SpaceX begins to assemble the spacecraft prototype S20 and super heavy booster, expected to be tested in August

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Although the Boca Chica plant had components marked as “SN20” as early as March 2021, the development of SpaceX’s first interplanetary spacecraft that could enter Earth orbit clearly began in mid-June this year. The engineers assembled the first engine part with a bracket that can hold 6 Raptor engines.

SpaceX begins to assemble the spacecraft prototype S20 and super heavy booster, expected to be tested in August

SpaceX begins to assemble the spacecraft prototype S20 and super heavy booster, expected to be tested in August(1)

Illustration: S20 and No. 3 super heavy booster

However, according to SpaceX’s maximum As a common practice to increase the speed of interstellar spacecraft development, companies often manufacture interstellar spacecraft parts in batches before distributing them to any spacecraft prototypes, boosters, or storage tanks. In other words, there is always a certain degree of uncertainty before SpaceX actually begins to assemble multiple completed rocket components. But earlier this month SpaceX began assembling the Starship prototype S20, and the No. 4 super heavy booster may also be following up.

In mid-May of this year, SpaceX moved the spacecraft prototype SN16 to an open space, and did not start assembling the parts of the interplanetary spacecraft prototype until the first week of July. Prior to this, the company spent 7 months in crazy manufacturing and testing, and successively manufactured and tested SN8, SN9, SN10, SN11, SN15, and tested storage tanks SN7.2 and BN2.1. Just as SN15 became the first interstellar spacecraft prototype to successfully complete high-altitude test flights and land smoothly, it was reported that SpaceX is expected to complete the first orbital flight test with S20 and B3 in July this year.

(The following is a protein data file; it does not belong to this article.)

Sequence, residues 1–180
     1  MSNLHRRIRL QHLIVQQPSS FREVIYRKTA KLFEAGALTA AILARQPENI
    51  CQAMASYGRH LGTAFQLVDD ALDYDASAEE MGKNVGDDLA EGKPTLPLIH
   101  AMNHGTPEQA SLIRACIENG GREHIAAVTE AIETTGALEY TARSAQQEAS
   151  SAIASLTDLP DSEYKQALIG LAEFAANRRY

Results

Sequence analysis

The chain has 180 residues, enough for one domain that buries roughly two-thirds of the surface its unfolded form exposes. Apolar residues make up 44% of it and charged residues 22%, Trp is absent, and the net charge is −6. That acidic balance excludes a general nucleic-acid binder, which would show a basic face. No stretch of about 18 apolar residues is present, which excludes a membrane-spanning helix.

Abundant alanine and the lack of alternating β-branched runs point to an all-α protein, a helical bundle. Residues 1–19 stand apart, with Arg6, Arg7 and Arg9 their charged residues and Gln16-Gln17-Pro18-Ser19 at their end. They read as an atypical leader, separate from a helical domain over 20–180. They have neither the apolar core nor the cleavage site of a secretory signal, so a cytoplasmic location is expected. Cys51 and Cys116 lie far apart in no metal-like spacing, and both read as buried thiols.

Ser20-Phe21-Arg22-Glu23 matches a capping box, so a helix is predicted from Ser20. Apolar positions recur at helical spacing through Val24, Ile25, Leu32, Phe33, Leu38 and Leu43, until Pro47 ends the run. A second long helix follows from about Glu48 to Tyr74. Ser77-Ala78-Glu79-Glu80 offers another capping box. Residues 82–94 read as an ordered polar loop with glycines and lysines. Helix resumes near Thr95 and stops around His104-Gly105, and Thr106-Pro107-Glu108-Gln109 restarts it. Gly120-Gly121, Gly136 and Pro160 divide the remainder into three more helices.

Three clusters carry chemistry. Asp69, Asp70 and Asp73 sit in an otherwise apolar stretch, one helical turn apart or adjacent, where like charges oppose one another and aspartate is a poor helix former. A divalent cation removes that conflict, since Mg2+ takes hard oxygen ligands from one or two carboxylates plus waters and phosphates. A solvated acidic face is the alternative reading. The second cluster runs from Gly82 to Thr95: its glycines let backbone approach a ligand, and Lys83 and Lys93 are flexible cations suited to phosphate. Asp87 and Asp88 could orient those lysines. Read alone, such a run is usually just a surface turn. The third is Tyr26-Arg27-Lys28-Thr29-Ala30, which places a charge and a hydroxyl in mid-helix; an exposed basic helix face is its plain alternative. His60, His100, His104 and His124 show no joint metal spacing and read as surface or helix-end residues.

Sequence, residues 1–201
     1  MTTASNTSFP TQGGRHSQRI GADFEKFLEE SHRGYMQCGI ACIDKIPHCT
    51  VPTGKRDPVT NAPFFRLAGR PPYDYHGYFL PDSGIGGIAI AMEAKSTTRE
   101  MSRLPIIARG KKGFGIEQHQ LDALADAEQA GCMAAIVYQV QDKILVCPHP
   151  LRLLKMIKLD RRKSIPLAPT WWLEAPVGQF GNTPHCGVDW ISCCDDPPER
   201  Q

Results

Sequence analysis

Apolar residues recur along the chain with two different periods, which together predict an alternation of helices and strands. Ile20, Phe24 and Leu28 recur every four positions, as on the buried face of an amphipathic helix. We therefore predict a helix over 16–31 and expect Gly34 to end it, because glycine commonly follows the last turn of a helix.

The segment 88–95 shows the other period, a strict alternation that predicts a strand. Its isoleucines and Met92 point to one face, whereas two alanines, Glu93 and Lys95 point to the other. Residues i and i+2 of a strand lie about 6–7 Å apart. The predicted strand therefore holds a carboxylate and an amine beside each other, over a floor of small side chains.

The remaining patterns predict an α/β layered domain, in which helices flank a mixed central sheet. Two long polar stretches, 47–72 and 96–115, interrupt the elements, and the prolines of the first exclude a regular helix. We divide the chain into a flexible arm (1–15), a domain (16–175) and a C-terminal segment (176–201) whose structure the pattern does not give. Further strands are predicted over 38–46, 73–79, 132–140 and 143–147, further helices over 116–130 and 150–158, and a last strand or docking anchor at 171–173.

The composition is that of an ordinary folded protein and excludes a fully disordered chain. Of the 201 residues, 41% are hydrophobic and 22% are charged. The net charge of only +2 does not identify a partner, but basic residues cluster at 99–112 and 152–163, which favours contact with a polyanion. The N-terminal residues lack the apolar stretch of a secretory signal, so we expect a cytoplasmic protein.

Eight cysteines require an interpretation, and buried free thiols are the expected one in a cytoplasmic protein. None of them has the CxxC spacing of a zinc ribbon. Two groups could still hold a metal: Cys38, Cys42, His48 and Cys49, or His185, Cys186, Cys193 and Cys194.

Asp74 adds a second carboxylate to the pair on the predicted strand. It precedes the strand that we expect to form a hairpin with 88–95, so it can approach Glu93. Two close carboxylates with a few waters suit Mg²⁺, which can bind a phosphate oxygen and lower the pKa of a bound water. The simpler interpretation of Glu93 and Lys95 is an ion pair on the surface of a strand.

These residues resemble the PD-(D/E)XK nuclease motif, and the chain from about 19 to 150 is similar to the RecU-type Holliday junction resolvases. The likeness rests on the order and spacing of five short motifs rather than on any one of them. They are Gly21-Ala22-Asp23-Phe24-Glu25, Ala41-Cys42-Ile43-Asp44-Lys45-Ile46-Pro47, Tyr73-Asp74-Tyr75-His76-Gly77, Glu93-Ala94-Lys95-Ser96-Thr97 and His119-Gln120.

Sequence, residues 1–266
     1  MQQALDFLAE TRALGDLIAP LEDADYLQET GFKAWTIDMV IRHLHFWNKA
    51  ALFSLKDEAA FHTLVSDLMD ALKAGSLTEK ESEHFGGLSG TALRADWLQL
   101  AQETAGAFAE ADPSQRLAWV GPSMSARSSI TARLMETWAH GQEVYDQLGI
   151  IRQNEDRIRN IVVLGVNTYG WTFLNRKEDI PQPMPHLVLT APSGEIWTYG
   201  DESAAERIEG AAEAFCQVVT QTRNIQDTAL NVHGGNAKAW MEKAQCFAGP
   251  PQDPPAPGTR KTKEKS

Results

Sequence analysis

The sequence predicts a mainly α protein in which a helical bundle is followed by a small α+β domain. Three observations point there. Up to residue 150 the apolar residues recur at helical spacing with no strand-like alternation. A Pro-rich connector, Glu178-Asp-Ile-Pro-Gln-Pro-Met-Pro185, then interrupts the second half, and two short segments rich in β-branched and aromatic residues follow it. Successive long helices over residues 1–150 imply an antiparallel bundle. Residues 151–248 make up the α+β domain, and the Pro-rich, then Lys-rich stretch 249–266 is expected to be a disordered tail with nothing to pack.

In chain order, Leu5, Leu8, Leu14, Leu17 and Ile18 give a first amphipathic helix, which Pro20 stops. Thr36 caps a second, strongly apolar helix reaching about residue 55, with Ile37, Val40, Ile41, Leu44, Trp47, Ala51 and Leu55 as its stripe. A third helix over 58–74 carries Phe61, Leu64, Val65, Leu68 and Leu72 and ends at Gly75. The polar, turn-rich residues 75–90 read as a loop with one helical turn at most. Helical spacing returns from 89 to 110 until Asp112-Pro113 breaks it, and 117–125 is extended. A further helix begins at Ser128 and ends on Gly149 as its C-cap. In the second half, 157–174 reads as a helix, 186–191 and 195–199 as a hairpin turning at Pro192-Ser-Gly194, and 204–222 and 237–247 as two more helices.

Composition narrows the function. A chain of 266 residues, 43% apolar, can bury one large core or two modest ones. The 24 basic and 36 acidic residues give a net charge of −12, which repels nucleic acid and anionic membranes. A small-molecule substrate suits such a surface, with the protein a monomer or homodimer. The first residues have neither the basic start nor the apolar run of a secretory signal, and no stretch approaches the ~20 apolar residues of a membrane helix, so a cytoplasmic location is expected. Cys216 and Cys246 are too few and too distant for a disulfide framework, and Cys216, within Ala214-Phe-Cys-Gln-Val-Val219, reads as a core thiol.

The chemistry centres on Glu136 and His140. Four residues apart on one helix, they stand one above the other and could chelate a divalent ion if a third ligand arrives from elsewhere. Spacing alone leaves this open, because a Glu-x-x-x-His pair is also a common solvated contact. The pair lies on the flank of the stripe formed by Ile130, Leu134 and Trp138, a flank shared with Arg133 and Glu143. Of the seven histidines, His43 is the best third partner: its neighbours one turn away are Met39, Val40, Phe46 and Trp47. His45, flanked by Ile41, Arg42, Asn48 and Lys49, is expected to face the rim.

It was reported on July 14 that “The rear flap and thrust part of the S20 began to be assembled earlier today. This leaves a bunch of parts to be assembled into a storage tank, and a bunch to be assembled into a nose. And four nose rings. The last pile of parts is used to assemble the nose cone and the hull.”

Finally, the orbital launch mission of booster 3 will also be transferred to assist 4 The pusher was completed, but the prototype starship S20 remained. The nearly two-month time interval between the start of assembly from SN16 to S20 is likely to be caused by major changes and upgrades in S20.

S20 has 3 Raptor engines operating in space, as well as 3 Raptor engines that are ignited in the earth’s atmosphere and used for spacecraft landing. In addition to the thrust structure that allows the 6 Raptor engines to operate, the S20 also needs a complete heat shield with thousands of insulation tiles; communications and avionics for orbital flight, and so on.

Currently, the S20 starship has completed about half of the assembly work. The last part of the spacecraft’s fuel storage tank is ready for installation, and the S20 nose cone components are also in the later stages of assembly. But SpaceX has not completely covered the spacecraft’s nose cone with insulation tiles, and it may take one or two attempts to complete this process correctly.

At the same time, the assembly work of booster 4 may have started on July 15. All in all, the first prototype of the orbital interstellar spacecraft and the super-heavy booster prototype will be fully assembled and ready for testing sometime in August this year. (Chenchen)